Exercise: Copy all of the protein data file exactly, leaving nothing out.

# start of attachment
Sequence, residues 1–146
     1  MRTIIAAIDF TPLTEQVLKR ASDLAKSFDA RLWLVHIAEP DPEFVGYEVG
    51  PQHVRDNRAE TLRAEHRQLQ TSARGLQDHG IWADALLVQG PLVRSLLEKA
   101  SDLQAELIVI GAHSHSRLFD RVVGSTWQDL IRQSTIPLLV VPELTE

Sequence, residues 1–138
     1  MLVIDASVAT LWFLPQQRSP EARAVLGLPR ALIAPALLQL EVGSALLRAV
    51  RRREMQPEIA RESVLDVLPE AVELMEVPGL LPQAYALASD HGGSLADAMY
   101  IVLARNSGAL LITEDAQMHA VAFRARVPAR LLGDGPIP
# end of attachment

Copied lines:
Sequence, residues 1–146
     1  MRTIIAAIDF TPLTEQVLKR ASDLAKSFDA RLWLVHIAEP DPEFVGYEVG
    51  PQHVRDNRAE TLRAEHRQLQ TSARGLQDHG IWADALLVQG PLVRSLLEKA
   101  SDLQAELIVI GAHSHSRLFD RVVGSTWQDL IRQSTIPLLV VPELTE

Sequence, residues 1–138
     1  MLVIDASVAT LWFLPQQRSP EARAVLGLPR ALIAPALLQL EVGSALLRAV
    51  RRREMQPEIA RESVLDVLPE AVELMEVPGL LPQAYALASD HGGSLADAMY
   101  IVLARNSGAL LITEDAQMHA VAFRARVPAR LLGDGPIP